Let's begin with the United Sates. President Obama came into office with a very ambitious agenda, an agenda of “engagements” with hostile political actors on the international scene hoping to transform the hostile relationship between the United States and the Bush administration and the Muslim and Arab worlds. He specifically used the term “to engage” with both Iran and Syria, actually taking the recommendation of the Hamilton-Baker report, determined to revive the Arab-Israeli peace process. Of course when he was consulting with the experts during the campaign and during the transition and the early months of the administration he was told that there are a number of alternatives when approaching a resumption of the Arab-Israeli peace process. You could try and resume both the Syrian and Palestinian tracks at the same time or you could sequence them. And if you sequence them, you could start either with the Syrians or the Palestinians and he was told that actually it's easier, and could be a quicker fix, to try to seek an Israeli-Syrian deal. The Israeli-Syrian conflict is simpler than the Israeli-Palestinian one - it is not a national conflict, it is essentially now a territorial conflict. In Syria you have one authoritative government. The same logic that made the Israeli-Syrian track so appealing to the Clinton administration would make it appealing to the Obama administration. I know that there were several Middle East experts in Washington who were arguing along this line. Others argued that while all this may be true, this was not the important track. The important track was the Palestinian one because the Arab world and the Muslim world think about the Palestinian issue, identify with the Palestinian issue, feel pain when events like the Gaza war take place. And if the United States really wants to improve its relationship with the world of Islam and the Arab world the road is through the Palestinian track and not through the Syrian track; Furthermore, quite a few in the Middle East are not terribly fond of the Syrian regime, which takes me to the next point.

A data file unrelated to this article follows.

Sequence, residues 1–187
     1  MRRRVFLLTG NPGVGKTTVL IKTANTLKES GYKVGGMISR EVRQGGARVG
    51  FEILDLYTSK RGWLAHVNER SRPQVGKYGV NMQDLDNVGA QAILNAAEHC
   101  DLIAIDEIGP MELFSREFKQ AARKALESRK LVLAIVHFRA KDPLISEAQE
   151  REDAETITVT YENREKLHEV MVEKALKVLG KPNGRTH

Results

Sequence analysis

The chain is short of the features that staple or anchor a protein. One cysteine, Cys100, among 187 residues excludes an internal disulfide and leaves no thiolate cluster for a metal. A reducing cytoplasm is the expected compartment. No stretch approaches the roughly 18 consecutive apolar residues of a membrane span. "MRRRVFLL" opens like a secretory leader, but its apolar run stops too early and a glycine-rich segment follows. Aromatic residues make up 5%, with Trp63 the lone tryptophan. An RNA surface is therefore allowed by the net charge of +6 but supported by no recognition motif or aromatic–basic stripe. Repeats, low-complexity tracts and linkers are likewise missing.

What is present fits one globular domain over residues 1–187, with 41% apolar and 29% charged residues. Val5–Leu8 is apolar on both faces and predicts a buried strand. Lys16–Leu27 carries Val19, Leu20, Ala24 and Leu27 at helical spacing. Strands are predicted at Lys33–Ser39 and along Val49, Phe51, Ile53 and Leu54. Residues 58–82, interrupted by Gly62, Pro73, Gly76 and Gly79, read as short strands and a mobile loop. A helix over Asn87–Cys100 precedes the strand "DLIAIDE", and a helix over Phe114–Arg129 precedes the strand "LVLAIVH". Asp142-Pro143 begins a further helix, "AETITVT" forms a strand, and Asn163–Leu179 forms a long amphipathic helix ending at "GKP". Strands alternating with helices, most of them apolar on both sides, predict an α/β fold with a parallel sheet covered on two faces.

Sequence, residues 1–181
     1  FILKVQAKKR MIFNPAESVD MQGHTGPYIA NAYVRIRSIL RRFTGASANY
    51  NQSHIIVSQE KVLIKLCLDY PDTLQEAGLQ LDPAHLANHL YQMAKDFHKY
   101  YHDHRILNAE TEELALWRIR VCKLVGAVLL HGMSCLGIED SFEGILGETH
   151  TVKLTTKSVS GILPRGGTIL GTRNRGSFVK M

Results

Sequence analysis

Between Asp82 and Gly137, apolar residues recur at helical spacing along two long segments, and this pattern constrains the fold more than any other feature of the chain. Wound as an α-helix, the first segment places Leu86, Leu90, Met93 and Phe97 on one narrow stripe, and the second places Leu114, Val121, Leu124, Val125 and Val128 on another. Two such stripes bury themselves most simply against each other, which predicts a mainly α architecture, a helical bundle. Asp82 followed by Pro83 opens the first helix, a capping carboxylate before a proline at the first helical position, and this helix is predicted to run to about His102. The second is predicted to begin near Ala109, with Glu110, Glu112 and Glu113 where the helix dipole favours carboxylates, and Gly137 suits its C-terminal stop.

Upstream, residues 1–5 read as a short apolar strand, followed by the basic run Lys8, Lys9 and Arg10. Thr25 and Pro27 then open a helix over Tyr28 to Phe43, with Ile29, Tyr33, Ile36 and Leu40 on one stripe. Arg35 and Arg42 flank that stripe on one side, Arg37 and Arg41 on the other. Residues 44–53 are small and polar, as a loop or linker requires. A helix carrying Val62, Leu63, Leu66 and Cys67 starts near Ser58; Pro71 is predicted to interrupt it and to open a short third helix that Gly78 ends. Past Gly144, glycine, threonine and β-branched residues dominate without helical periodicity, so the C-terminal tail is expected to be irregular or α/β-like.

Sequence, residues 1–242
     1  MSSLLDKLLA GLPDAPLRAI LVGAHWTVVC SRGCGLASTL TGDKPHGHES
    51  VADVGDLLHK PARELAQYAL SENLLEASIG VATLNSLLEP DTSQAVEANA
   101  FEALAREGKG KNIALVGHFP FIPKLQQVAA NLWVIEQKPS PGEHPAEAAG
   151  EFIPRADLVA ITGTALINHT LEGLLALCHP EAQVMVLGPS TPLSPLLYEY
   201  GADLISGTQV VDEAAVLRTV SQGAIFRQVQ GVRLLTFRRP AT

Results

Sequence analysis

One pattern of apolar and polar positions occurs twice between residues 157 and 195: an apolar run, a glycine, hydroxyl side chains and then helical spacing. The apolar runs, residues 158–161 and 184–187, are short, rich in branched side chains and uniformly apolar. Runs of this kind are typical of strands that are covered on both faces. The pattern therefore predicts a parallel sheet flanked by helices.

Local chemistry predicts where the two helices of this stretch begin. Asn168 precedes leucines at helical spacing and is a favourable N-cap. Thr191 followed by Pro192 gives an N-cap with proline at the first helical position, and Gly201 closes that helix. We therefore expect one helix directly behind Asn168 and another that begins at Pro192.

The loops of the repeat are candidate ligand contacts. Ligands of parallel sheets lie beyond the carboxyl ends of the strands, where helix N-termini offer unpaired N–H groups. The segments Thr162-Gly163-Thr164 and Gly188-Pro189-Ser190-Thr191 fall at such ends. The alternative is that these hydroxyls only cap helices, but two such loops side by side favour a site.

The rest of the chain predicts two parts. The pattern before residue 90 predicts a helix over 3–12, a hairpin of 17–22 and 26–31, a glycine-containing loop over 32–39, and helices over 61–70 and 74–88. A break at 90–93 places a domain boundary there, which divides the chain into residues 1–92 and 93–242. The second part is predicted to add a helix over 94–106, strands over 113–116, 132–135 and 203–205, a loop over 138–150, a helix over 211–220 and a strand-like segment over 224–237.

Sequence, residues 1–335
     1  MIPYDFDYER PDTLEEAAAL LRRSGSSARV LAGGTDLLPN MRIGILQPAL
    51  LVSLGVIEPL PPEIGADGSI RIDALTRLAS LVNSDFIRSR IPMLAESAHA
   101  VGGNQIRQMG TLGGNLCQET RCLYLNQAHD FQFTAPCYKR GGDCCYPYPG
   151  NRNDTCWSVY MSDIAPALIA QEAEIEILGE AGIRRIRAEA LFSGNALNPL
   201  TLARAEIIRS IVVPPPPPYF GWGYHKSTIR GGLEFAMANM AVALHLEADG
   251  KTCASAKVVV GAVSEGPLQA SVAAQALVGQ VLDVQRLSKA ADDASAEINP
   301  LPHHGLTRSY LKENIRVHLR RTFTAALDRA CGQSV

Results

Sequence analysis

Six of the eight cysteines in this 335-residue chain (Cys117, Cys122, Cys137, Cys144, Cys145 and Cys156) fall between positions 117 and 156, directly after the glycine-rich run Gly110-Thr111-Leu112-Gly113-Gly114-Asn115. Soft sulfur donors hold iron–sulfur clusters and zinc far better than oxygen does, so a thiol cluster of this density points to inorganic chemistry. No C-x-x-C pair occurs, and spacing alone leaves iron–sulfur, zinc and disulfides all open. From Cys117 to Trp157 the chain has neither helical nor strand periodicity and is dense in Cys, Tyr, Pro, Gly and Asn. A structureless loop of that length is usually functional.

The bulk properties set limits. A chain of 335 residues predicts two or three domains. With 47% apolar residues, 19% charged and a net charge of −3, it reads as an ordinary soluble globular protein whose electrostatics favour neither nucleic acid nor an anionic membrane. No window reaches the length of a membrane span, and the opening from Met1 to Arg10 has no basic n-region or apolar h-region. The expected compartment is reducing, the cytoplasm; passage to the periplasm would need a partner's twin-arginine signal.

The Syrian issue cannot be divorced from the Iranian issue, Syria being Iran's closest ally. It is the land bridge that has given Iran access to the core area of the Middle East and enabled Iran to leapfrog into the Arab-Israeli part of the Middle East, and now in a way to establish two bases on the Mediterranean – in Lebanon through Hezbollah and in Gaza through Hamas. And a word about Iran. We began yesterday informally with some of the participants over dinner to discuss the issue and we have an Iranian participant here. I think he said correctly that Iran wants to deal with the United States and wants the United States to deal with itself. It is looking for bargaining chips, looking for cards, assets in negotiations. Clearly having influence over the Arab-Israeli issue, being able to ignite the Arab-Israeli issue at any point through the Lebanese border or through Gaza - these are very powerful assets in the hands of Iran. I'd like to distinguish here between two phases. I think that in the first phase, when we had an authentic revolution, like every other great revolution – the French Revolution in the late 18th century and the Russian revolution early in the 20th century – The revolution seeks to export itself; it's in the laws of revolution. The Iranian revolution wanted to export itself. The one place where it was successful was Lebanon where the Shiite community is the single largest community in the system and underprivileged historically and under-represented in power today. It was a natural constituency for the Iranian revolution and Hezbollah is a manifestation of that. Iran has had a strategic partnership with Syria since 1979. It was a partnership of equals until 2000 and since Bashar al-Asad became the president of Syria it has become more of a patron-client relationship with Iran being the patron and Syria more and more the client.